Wednesday, October 15, 2014

The Eccentric Family Review


"Humans live in the city, tanuki crawl the earth, tengu fly through the air. Since the Heian era relocation, humans, tanuki, and tengu have maintained a delicate balance. That’s what keeps the great wheel of this city turning round and round. More fun than anything is watching that wheel spin. I’m what you’d call a tanuki, but too proud to be a mere tanuki, I admire tengu from afar and love imitating humans. For that reason, my daily life is so dizzyingly busy, there’s no time to be bored."

The Eccentric Family is a 13 episodes Drama/Comedy based on the 2007 novel written by Tomihiko Morimi. The anime from director Masayuki Yoshihara and animation studio P.A. Works aired during the summer 2013 season. As of this review, NIS America is the only known licenser.

In modern day Kyoto, humans live in the city, while Tanuki roam the earth and Tengu, the sky. The story surrounds a family of Japanese tanuki, the Shimogamo family. These tanuki have the ability to transform into anything they wish. They can change into normal members of human society or any animate/inanimate object. The third son, Yasaburo, enjoys a bustling daily life. He often visits Akadama-sensei, a tengu. Through him, Yasaburo is acquainted with Benten (Satomi Suzuki), a woman whom Akadama taught to fly like a tengu. As the story unfolds, the members of the Shimogamo family are still dealing with the foggy past that surrounds their father's untimely death prior to the series start. What more is that Benten is a member of a social group called "the Friday Fellows" who enjoy a meal of tanuki hot pot at the end of the year. So they must balance between living carelessly, maintaining relationships among other tanuki families, and not getting put into a hot pot by the Friday Fellows.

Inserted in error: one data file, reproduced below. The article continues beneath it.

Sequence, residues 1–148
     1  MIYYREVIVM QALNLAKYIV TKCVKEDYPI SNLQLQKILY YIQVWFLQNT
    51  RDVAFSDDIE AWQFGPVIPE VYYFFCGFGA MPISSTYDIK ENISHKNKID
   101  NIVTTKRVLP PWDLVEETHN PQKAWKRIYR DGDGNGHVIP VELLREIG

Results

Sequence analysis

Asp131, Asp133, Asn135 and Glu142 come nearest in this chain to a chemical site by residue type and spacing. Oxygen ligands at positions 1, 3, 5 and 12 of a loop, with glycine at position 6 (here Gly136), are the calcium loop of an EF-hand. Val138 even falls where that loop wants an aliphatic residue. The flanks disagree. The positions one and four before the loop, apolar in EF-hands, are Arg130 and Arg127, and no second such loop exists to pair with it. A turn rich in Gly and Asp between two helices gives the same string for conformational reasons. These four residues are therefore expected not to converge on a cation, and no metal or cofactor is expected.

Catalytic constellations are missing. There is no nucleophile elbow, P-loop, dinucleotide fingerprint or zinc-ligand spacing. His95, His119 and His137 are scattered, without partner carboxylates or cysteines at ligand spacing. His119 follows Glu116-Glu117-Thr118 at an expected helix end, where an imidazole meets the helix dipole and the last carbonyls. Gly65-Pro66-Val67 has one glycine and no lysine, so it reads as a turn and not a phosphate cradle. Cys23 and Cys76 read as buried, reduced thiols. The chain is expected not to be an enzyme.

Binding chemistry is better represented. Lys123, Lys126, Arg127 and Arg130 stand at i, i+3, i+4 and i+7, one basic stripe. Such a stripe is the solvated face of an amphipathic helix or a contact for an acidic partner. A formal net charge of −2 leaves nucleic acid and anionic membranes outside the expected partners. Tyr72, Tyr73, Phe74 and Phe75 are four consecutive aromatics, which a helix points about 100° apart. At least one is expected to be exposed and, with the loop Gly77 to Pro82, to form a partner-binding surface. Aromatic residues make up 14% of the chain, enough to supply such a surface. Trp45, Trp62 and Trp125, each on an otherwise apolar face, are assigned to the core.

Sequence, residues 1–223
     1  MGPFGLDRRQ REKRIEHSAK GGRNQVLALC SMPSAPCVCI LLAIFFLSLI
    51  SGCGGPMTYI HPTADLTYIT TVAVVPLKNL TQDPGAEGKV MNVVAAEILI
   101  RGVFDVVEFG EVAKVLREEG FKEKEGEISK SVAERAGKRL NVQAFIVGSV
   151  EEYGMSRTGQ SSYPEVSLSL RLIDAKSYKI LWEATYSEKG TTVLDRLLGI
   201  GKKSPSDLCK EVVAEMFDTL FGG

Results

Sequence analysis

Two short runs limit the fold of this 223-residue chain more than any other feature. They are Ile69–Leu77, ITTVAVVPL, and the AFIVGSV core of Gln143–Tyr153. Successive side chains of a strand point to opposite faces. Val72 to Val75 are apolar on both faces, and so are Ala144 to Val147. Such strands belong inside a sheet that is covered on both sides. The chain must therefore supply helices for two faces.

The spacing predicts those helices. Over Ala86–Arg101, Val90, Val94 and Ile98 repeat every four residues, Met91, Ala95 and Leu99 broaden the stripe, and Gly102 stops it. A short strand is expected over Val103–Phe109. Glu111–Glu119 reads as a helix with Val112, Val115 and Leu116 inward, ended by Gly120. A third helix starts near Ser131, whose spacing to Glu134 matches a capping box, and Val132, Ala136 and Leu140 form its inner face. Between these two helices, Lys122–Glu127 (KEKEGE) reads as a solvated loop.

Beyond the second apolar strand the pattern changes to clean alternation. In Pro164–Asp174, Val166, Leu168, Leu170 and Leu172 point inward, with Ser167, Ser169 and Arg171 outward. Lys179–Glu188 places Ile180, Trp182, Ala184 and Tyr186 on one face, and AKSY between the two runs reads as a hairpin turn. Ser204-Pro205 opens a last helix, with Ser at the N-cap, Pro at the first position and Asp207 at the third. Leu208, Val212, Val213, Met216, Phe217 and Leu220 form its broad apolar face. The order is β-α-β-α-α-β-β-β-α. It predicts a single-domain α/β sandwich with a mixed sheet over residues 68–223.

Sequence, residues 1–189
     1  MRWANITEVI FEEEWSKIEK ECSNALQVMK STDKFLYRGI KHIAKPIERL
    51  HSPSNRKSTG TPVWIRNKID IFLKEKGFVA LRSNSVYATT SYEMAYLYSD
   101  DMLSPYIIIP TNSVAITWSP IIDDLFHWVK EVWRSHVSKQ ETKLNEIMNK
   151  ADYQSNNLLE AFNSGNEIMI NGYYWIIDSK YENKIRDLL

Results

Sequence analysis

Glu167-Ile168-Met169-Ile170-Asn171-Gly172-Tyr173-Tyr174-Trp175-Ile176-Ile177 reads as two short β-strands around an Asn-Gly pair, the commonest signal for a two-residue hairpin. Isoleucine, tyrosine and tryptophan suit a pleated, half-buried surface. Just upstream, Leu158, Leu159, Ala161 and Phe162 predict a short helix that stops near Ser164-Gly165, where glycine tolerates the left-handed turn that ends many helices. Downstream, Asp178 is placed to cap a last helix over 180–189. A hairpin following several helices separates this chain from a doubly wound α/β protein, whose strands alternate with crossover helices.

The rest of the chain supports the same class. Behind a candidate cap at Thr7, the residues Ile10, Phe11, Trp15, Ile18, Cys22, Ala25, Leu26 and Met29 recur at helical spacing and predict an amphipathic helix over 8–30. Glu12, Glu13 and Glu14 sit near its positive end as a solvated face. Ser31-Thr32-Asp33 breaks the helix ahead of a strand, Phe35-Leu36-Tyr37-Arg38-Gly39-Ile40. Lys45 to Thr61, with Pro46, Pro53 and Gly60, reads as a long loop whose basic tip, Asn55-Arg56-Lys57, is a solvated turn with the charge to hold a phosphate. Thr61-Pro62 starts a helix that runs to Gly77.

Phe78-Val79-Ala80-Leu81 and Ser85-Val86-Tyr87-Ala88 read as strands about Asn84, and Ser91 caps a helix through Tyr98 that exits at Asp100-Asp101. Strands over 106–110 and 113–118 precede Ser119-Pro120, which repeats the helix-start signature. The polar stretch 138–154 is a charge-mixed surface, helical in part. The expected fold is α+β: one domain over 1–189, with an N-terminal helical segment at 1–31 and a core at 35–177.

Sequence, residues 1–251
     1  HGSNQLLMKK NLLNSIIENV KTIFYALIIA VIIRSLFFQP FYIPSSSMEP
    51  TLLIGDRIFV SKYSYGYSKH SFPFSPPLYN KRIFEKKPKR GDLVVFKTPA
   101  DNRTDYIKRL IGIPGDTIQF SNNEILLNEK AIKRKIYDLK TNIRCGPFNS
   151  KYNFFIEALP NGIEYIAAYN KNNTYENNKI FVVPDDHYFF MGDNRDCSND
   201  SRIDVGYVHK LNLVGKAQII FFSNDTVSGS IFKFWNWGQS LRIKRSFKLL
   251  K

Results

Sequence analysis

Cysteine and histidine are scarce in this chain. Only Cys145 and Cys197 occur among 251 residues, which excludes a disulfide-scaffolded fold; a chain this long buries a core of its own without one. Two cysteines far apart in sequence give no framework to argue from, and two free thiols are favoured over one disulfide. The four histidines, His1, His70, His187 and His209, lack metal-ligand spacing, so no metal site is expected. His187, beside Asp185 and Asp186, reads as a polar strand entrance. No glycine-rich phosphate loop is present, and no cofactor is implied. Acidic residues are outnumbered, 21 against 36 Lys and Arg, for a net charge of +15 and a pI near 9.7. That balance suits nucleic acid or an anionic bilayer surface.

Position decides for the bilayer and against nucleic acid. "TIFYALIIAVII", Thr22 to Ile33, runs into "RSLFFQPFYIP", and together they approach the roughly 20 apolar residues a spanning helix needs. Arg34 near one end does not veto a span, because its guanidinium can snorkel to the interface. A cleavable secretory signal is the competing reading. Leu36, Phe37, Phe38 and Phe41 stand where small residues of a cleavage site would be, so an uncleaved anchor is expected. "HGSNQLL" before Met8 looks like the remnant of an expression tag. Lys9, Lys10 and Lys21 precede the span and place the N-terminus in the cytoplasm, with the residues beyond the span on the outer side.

The animation for Eccentric Family is a bit of an odd ball. P.A. Works, the studio behind the series, had an interesting 2013. For those who don’t remember, here’s how it went. In the Spring of 2013, P.A. Works released their adaptation of Red Data Girl. That Summer season was The Eccentric Family, followed by Nagi-Asu: A Lull in the Sea in the Fall. A few other series that P.A. Works produced in recent years include Tari Tari, Another, and the recent Glasslip. The reason I’m bringing up all these different series is because the animation style of Eccentric Family is very different then most of P.A. Works’ recent series. The series is much more colorful, and has a different style compared to these other series. This series is part comedy so it makes some sense to see a different animation style compared to the more romance or shoujo style that these other series have. But, with the good does come the bad as there are a good amount of drops in quality every now and again. The best example I have for this is there’s a scene where Yasaburo and his older brother Yaichiro are sitting next to each other talking and, not only does Yasaburo seem a little taller than his brother but, Yaichiro’s head looks a little too small for his body. Although the series has a different style and can have those animation problems every now and again, the series does have some very beautifully animated moments that will stand out to the viewer. As for the soundtrack, it’s simple and works for the series. Even though I don’t really have a favorite track from the OST, it did manage to flow rather nicely with the series overall. Also, the opening is a bit of odd fun and managed to be rather catchy. Now I understand why people complained about me not having it for my Top 20 Anime Openings of 2013.